Wendy Ross, superintendent at Theodore Roosevelt National Park, is no stranger to the parks service. In fact, she's following in her father's footsteps in doing so.
Ross grew up in the National Park Service and was born at Mount Rainier in Washington State. Her father was a climbing ranger at various national parks, including Grand Teton National Park, Mount Rainier and Yosemite National Park. When she was 12, her family moved to Cape Cod National Seashore in Massachusetts. Ross said that is where she became friends with the park resource specialist, a young woman who was a biologist.
Ross was amazed by what the woman did each day, whether it was looking at fish kills and what caused them or trapping mosquitoes to learn more about what mosquito-borne diseases were occurring in that area.
"She was really my impetus for becoming a park service employee," Ross said. "I wanted to become a resource manager in the park service because of her and that's what I ended up doing."
Growing up at various national parks across the country was amazing.
"Well, you can't live anywhere ugly in your future. You really can't live in an urban environment," Ross said with a laugh. "It's pretty amazing to have America's national parks as your backyard and I think I grew up not really understanding the magnitude of how important that was in my development. Not every other kid has that opportunity."
People often ask Ross what her favorite national park is, but she said it is difficult to choose just one.
"Every single one of them has a piece of my favorite park," she said. "Whether it's views, or hikes, or watersports being out in the canoe or boating, fishing. Every memory I have is in a national park so it's hard to decide what a favorite is."
Ross' father served as superintendent of Theodore Roosevelt National Park from 1990 through 1995.
"When I was in college my parents moved (to TRNP) and I fell in love with the Badlands," she said. "I did a whole bunch of hiking and exploring on horseback. I volunteered here with some of the first horse studies that they did at the park. I just fell in love with this park."
Ross began her National Park Service career as an air quality technician and later became a visitor use assistant at Yellowstone National Park. She also served as a resource management specialist at Shiloh National Military Park in Tennessee, North Cascades National Park in Washington, and Glacier National Park before becoming superintendent at Knife River Indian Villages National Historic Site, where she served from 2011 until officially becoming superintendent at Theodore Roosevelt National Park in July 2015.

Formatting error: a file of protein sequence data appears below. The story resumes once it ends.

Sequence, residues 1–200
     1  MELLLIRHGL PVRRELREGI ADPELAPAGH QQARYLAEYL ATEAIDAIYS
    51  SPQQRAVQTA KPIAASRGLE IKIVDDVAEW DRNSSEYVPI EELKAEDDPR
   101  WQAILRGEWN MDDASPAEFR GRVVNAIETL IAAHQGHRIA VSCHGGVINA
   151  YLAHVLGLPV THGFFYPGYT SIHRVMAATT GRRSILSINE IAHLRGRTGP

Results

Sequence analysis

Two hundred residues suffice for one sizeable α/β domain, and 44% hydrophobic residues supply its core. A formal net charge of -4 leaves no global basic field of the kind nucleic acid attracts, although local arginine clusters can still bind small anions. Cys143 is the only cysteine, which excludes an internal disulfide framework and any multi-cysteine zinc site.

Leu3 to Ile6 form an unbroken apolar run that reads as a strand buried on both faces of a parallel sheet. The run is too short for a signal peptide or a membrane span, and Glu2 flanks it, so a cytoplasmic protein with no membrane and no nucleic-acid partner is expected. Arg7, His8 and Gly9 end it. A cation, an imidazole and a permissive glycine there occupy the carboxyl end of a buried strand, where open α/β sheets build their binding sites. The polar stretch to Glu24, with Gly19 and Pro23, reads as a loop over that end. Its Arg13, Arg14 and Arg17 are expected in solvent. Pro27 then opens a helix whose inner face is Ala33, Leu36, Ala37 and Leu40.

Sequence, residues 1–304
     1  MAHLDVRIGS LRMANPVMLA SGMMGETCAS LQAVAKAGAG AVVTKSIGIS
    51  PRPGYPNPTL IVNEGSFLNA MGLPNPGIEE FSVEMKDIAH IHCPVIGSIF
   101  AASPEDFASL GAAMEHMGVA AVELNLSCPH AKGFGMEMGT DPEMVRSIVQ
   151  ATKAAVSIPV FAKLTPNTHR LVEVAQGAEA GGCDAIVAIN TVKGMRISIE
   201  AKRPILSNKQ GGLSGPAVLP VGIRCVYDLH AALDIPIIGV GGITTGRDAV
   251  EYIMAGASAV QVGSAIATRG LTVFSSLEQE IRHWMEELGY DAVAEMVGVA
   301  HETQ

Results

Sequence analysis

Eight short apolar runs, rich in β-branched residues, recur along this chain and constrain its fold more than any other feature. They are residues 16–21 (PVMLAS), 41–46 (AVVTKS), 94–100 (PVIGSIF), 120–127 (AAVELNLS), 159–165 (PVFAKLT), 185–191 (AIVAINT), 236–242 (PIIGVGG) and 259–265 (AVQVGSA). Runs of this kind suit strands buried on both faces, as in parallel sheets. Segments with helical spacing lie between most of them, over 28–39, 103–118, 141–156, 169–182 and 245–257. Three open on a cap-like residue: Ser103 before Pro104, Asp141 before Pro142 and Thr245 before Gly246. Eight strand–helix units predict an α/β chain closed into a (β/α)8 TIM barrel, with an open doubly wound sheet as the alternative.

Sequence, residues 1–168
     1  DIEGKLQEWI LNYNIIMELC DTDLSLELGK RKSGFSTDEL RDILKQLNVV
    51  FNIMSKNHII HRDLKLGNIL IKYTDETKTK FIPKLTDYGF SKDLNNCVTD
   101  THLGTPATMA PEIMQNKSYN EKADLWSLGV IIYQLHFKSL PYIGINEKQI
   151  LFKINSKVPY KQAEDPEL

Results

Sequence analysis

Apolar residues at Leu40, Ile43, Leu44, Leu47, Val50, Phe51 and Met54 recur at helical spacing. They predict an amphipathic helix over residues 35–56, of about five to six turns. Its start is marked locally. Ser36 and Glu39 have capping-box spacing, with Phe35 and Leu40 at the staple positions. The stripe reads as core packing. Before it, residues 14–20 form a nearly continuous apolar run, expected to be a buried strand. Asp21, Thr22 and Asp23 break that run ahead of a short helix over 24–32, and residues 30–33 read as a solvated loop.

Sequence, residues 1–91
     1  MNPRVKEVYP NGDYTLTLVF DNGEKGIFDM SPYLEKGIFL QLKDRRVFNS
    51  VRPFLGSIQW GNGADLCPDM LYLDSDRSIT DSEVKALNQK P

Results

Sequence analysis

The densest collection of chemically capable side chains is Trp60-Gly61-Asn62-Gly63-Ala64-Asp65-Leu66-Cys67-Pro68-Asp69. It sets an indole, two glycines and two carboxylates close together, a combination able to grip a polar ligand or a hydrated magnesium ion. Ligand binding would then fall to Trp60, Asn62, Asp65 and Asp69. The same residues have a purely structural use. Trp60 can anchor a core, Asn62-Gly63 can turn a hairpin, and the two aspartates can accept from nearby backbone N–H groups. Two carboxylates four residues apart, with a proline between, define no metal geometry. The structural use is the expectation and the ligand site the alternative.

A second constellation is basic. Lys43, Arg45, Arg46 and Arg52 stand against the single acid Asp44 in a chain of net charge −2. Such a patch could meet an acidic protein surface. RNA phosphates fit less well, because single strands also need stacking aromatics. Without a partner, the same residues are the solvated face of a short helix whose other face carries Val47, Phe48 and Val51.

As a park employee, Ross said people also get to see the national parks when tourism season may be down. She said she enjoys going around TRNP during the winter when there's less people around to observe the animals and the park itself.
"I love snow, winter is my favorite season," Ross said. "My husband and I do a lot of skiing. ... Skiing, driving the loop road and getting out and hiking is fun. We definitely get out and see the park during the seasons that most people don't think the park is open."
The park is open year-round, 24 hours a day, 365 days a year. Ross said the visitor center closes on Thanksgiving, Christmas and New Year's Day.
Ross said they make a great effort to make sure the park is accessible year-round, even after a snowstorm, to allow everyone the opportunity to see the park.
"Our fees have gone up (recently) and I believe we need to be giving our visitors as much experience and access to the park as possible."
Eileen Andes, chief of interpretation and public affairs at the park, said she and Ross are talking everyday about various projects going on in the park. Andes said there are times where work is fun and relaxed, but also times when they are dealing with serious issues where the group collaborates as a team.
"Wendy's a very easy person to work with, she's very caring," Andes said. "She really cares about not only the park and its resources but also all of our employees as well. She's pretty relaxed but very professional. She wants what's best for the park and its staff."
Ross' day-to-day can include interviews with local and national outlets about the various goings-on at the park, as well as planning for the summer season by hiring staff and making sure things are set for the upcoming tourist season. She also does public speaking at various events around the area and sometimes nationally. Right now, they are working on a visitor use survey for the park.
"People think I'm out hiking in the park a lot and I'm not," Ross said with a small laugh.
In general, Andes said Ross is "easy-going" and is always looking at the "big picture."
"She's got big ideas and is the kind of person who looks at things always from the perspective of glass half full rather than glass half empty," Andes said.
Ross enjoys the opportunity to explore the park and meet people from across the world everyday. Her favorite animal to see at the park is a toss-up between the bison and the prairie dogs.
"When I've had a bad day I go out and I watch visitors watch the prairie dogs," she said. "It always just brings a smile to my face because people are just so joyous when they watch prairie dogs and their antics. ... Kids are giggling and watching them and taking photographs. It's pretty cool to see."